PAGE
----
Norsk Data was a minicomputer manufacturer located in Oslo, Norway. Existing from 1967 to 1998, it had its most active period from the early 1970s to the late 1980s. At the company's peak in 1987, it was the second largest company in Norway and employed over 4,500 people.

Norsk Data
IndustryComputer hardware, Computer software
FoundedAugust 8, 1967; 56 years ago (1967-08-08)
FoundersLars Monrad Krohn, Per Bjørge, Rolf Skår
FatePurchased by Telenor
Number of employees
over 4,500 (1987)

Throughout its history Norsk Data produced a long string of extremely innovative systems, with a disproportionately large number of world firsts. Some examples of this are the NORD-1, the first minicomputer to have memory paging as a standard option, and the first machine to have floating-point instructions standard, the NORD-5, the world's first 32-bit minicomputer (beating the VAX, often claimed the first, by 6 years).

Historical overview

Norsk Data-Elektronikk in 1971

The origins of Norsk Data go back to the development of digital computers at the Norwegian Defense Research Establishment at Kjeller, Norway, where several early computers had been designed, such as the SAM and the SAM 2, also known as the FLINK.

The success of this program resulted in the founding of A/S Nordata – Norsk Data Elektronikk on August 8, 1967, by Lars Monrad Krohn, Per Bjørge and Rolf Skår. The company became a significant supplier of minicomputers to many research projects, in particular to CERN in Geneva, Switzerland, where they were chosen to produce the computers for many projects, starting with the SPS Project,[1] Norsk Data's international breakthrough contract. The other market segments Norsk Data succeeded in were process control, Norwegian municipal administration data centers, newspapers, as well as parts of the educational, health, and university sector.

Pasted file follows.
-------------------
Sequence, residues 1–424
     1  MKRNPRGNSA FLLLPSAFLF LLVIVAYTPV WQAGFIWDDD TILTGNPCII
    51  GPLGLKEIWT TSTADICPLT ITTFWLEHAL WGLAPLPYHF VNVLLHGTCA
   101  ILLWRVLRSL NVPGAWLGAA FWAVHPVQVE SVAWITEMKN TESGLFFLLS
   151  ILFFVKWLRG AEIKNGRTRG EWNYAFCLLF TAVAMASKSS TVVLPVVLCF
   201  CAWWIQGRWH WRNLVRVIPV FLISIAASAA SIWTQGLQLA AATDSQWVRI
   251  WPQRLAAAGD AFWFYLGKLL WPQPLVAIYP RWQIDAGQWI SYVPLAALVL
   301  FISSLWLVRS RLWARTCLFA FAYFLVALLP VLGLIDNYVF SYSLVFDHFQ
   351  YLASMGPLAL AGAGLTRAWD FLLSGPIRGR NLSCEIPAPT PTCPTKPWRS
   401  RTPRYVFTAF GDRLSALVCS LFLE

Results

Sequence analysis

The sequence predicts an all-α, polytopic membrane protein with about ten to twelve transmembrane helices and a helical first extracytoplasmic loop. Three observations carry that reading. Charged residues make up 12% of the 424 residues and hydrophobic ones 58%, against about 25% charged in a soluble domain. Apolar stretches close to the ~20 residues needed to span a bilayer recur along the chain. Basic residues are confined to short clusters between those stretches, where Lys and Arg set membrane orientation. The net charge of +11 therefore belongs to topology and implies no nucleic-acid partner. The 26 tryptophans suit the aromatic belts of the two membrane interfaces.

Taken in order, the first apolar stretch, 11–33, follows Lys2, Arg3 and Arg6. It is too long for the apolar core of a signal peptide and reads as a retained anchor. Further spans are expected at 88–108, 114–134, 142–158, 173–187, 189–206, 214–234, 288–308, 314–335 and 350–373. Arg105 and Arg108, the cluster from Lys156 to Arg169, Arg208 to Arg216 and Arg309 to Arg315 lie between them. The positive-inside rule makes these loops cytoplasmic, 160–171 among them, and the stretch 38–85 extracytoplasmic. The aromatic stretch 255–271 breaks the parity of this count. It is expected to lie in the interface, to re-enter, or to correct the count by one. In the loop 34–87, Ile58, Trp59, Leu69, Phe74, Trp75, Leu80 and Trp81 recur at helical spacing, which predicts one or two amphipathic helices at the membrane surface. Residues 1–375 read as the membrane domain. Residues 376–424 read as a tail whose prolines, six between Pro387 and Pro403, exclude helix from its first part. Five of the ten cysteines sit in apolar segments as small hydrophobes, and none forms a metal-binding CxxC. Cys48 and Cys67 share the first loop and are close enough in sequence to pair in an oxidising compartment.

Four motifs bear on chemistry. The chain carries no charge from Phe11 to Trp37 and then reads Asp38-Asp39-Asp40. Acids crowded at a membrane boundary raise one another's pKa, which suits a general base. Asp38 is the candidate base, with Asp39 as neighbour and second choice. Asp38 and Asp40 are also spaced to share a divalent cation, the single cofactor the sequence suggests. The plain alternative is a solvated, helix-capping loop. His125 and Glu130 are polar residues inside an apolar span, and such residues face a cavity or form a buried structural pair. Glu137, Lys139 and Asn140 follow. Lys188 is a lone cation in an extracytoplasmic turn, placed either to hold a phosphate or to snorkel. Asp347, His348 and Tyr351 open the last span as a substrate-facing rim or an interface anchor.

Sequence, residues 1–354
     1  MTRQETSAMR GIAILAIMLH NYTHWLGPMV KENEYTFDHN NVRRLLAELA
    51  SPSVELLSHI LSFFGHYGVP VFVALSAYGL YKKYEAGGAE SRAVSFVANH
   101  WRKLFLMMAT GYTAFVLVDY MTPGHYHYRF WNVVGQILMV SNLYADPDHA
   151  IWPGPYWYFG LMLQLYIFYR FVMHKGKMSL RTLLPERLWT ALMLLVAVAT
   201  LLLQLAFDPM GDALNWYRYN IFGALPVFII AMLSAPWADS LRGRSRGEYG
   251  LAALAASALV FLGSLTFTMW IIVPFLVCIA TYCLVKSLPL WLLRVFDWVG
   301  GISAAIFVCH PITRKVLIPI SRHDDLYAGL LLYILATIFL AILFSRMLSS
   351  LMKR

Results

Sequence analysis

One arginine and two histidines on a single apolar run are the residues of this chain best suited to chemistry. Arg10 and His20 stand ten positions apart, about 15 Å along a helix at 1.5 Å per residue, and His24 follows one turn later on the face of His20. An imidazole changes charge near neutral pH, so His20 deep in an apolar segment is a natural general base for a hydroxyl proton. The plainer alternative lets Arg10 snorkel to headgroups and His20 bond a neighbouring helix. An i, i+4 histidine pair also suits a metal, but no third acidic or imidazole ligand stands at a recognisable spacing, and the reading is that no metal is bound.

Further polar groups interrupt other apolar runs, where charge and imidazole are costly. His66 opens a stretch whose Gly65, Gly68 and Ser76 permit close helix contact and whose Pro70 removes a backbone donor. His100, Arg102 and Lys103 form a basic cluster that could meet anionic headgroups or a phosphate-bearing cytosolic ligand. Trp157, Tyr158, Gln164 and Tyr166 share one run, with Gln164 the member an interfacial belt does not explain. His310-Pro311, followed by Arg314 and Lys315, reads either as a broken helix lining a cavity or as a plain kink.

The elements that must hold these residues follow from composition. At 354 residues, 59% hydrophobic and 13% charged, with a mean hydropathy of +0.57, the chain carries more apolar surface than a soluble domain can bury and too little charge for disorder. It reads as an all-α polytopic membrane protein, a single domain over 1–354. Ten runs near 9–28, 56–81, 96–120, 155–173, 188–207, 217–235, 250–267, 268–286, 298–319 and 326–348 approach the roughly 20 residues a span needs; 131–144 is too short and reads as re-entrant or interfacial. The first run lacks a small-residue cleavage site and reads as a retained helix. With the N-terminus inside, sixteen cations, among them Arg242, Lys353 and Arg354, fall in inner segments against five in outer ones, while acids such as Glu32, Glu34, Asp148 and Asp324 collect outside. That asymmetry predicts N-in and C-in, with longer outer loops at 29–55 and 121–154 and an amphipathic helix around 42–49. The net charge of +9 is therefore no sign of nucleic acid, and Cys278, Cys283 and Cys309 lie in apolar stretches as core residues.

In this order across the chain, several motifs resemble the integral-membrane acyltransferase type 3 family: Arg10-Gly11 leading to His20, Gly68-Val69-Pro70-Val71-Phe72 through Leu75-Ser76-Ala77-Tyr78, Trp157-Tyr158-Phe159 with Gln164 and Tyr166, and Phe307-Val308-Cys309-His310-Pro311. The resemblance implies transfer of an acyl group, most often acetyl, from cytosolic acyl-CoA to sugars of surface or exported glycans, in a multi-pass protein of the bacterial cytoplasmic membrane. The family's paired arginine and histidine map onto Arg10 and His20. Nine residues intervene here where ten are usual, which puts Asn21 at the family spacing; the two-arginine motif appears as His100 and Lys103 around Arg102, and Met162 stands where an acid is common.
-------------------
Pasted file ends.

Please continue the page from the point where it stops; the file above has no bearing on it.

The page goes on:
For a period in 1987, Norsk Data was the second largest company by stock value in Norway, second only to Norsk Hydro, and employed over 4,500 people.

In March 1991, shortly after the January Events, Norsk Data donated the first computer to Lithuanian Institute of Mathematics and Informatics. This donation started the development of LITNET, an academic and research network in Lithuania. Later that year, the network connection lines directly connecting Vilnius to Moscow were shut down. With the help of additional hardware donated by Norsk Data, Lithuania was able to use its first satellite-based Internet connection, which operated at 9.6 kbit/s. This was the first Lithuanian communications line that was totally independent from the former Soviet Union.[2]

After a long period of exceptional success, the Norsk Data "empire" collapsed in the early 1990s, mostly due to not realizing the impact of the PC revolution as well as the growing competition from Unix-based systems.[3] In 1987, Norsk Data sought to expand its collaboration with DIAB of Sweden to provide UNIX-based systems in Norsk Data's portfolio, to offer "a complete UNIX concept" together with the company's ND-5000 products.[4] 1988 saw the company sign an agreement with the Santa Cruz Operation to offer SCO's System V product on its Intel-based personal computer systems.[5] In 1989, alongside upgraded versions of the company's proprietary minicomputer range, notably the ND-5850, attempts were made to introduce Unix products such as the Uniline 33 range, based on Motorola system designs for the 68030 processor. Such conventional Unix systems were primarily aimed at international customers, whereas in Scandinavia the company reportedly sought to offer only its NDIX implementation of Unix for its own proprietary architecture. Systems based on Motorola's 88000 processor were planned to follow on from these new 68030-based products.[6]